For the month of February, we were able to sit down with former Football player and entrepreneur, Jamaal Lewis. Jamaal has an incredibly moving journey from playing pro-football to starting a new career in an ever-competitive city of dreams; Los Angeles. He shares with us the struggles, changes and success of focus and transformation. Currently Jamaal is not only an athletic clothing-line owner but a model, actor, body-double and food fanatic.
How did you get your start in athletics?
Things really started for me when I was in 6th grade. I was in the band and playing the tuba. I was picked on and a little overweight. I was not happy in that state but one summer I had an immense growth spurt that pushed me into football and by my 9th grade year I was eating and breathing football. Fast forward a few years, I ended up getting a full-ride to play at Arizona State and furthered my career.
What did you learn the most from playing football?
It’s important to give anything you want to be good at the full 200%. I already had discipline and structure from being raised in an Air Force family so I had to apply everything I had been taught growing up.
Were there some unexpected struggles and how did they affect you?
Yes. Once I had been playing football my ego started to build. I became the typical athlete who was ego driven, liked to party and didn’t care about much else. You name it, I did it. It took a huge toll on my career and personal life. It affected me as a brand and as an athlete, my potential work, and reflected negatively on my team. It also took a toll on my relationships. It pushed away a lot of the most important friends at that time.
What is something that many people don’t see behind the hard physical work?
The process is more than just the rigorous training and eating habits. A lot of it is how bad you want it and the character building process. There are a few things that really matter to me in life and I made sure those things were what my life centered around; such as staying grounded in prayer and my family.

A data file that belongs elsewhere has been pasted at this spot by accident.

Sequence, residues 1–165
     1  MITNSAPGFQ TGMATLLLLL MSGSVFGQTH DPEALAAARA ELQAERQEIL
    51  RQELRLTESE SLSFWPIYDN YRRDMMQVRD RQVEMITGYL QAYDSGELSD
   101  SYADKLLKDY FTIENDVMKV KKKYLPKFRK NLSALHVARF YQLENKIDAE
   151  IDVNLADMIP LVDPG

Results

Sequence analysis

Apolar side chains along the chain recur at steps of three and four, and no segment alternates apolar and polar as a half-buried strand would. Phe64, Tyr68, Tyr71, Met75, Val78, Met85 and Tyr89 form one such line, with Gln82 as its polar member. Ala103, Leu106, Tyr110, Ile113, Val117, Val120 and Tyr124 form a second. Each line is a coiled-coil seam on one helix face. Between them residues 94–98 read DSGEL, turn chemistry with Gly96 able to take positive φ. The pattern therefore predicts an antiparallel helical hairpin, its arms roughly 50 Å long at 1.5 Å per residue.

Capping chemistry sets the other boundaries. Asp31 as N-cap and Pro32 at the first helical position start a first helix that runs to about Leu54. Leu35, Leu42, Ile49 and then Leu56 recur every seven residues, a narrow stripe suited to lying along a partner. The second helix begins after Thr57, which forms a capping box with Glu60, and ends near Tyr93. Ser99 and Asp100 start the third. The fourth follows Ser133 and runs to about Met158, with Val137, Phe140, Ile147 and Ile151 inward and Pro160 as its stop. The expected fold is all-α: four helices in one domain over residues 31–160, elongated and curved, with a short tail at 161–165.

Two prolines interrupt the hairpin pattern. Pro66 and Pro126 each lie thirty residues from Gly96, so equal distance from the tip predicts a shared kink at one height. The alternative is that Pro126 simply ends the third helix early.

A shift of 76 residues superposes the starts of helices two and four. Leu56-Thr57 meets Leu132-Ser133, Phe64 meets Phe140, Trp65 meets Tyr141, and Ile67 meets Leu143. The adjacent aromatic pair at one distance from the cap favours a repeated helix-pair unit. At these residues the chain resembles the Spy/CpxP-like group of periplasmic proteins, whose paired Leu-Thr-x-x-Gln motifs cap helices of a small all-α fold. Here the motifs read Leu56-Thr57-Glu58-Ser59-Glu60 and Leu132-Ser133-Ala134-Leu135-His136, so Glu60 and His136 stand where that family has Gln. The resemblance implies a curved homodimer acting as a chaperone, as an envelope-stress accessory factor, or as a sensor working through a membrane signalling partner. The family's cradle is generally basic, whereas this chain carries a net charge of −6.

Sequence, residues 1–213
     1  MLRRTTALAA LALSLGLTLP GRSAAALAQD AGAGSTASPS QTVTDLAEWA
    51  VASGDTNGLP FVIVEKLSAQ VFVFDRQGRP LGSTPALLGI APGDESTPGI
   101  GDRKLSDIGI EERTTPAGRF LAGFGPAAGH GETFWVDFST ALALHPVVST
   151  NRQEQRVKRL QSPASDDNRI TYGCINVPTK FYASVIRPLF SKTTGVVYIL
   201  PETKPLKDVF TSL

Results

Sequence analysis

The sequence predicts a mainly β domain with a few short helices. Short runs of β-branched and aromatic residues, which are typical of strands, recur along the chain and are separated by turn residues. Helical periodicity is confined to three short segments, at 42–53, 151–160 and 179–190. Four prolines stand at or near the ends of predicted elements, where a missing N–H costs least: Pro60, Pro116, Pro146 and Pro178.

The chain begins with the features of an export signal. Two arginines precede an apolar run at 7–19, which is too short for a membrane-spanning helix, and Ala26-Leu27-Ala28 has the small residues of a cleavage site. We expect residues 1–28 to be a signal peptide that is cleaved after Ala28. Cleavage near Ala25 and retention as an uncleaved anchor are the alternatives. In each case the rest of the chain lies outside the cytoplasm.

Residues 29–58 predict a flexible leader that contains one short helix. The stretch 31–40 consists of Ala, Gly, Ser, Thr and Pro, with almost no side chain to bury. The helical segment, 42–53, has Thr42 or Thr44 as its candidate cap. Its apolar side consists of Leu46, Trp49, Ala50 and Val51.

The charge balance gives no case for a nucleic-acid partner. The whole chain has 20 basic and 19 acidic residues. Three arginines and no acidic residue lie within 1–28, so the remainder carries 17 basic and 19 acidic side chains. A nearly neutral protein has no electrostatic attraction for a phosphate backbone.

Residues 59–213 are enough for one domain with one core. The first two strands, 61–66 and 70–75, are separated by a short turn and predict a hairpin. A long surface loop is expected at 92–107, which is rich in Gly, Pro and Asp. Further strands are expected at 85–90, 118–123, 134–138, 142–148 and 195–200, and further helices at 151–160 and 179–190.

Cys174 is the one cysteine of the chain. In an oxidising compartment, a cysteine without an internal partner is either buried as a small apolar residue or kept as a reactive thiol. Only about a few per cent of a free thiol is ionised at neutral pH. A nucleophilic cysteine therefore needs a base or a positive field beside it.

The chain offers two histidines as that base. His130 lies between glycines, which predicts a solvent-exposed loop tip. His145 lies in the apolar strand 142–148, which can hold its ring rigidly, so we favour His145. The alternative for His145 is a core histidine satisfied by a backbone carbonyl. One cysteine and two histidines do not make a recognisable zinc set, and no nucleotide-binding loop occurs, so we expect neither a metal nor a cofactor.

What is your daily routine that keeps you focused?
My main things are to stay grounded in prayer, work hard, go to the gym, and eat clean. I use D’vash date nectar as a fast and clean ingredient for a lot of my meals. I love the Cayenne nectar on chicken and the date syrup on oatmeal.
Can you tell us more about your current career?
I am currently an actor, body double, model and clothing line owner.
I got started in modeling when I had left football. It was suggested to me to try modeling and after I saw the first paycheck I realized it was something I could pursue. I have a casual athletic clothing line called “Stay Blessed”. It’s more than just a clothing line but a way of life for me. “Stay Blessed” is something I live by. It’s about being grateful/blessed everyday and going through the process of self growth.
How hard was the transition to start a new career?
It was really hard to start over. It was like I went completely backwards. I moved from Arizona to California and basically restarted everything. I lost a lot of friends and was rebuilding my life from scratch in my 20’s. I had to reinvent myself and work harder than ever. I was reaching out to agencies, getting photos done, attending classes, and doing anything to get me to where I needed to be.
What are the most important things to you in your everyday life?Communication with family (especially my mom), praying and maintaining my fitness with workouts at the gym twice every day.
What are some of your favorite meals to make and any guilty pleasures?
I love making cayenne chicken with the cayenne nectar. I just season the chicken with salt & pepper and put on the cayenne nectar like a marinade. My guilty pleasure is Sunday splurge day.
From speaking with Jamaal, the road to success is not instant but takes constant work to maintain, grow, and making adjustments to continue to build. The key is to not stay in the same place, “Stay Blessed” and always be open to new opportunities. Not only is your discipline important but so is your outlook on life and maintaining your relationships. We need to count on others to help us along the way.